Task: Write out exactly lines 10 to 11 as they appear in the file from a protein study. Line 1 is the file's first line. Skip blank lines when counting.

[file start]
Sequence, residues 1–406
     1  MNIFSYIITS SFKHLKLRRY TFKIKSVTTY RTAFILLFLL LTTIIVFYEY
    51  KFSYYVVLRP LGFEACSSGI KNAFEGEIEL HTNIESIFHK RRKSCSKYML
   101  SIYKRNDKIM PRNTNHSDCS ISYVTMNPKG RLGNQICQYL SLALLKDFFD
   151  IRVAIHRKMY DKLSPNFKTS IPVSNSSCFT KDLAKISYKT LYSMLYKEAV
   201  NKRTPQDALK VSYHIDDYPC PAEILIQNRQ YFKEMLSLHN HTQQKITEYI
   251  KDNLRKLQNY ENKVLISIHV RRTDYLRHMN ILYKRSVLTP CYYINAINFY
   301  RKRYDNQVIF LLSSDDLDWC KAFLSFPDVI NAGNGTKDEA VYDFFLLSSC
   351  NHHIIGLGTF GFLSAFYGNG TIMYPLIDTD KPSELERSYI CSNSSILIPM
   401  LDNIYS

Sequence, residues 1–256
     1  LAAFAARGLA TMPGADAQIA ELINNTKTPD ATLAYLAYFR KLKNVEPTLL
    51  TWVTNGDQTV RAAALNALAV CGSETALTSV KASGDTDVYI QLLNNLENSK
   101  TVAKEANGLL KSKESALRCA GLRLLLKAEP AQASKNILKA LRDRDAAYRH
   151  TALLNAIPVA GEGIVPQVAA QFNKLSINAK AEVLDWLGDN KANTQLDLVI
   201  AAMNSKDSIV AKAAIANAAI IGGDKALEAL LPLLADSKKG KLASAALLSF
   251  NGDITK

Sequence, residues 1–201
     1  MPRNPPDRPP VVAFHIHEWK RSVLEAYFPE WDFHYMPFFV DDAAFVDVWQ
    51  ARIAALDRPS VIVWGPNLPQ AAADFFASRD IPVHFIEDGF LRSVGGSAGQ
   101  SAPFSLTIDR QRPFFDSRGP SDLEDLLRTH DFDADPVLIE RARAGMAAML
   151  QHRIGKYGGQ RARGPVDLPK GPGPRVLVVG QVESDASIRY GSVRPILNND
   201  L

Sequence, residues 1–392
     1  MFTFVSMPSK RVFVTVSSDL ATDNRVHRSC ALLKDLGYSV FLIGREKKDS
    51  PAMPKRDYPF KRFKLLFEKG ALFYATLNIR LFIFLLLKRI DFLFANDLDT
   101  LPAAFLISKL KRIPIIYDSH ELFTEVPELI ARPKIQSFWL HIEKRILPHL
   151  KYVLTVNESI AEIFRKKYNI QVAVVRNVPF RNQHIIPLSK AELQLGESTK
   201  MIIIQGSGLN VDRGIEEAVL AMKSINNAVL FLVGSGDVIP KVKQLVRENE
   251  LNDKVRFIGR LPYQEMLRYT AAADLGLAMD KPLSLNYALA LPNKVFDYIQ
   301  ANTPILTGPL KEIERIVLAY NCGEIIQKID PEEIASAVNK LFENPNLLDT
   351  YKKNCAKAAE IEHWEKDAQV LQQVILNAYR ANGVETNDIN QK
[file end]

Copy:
   401  LDNIYS

Sequence, residues 1–256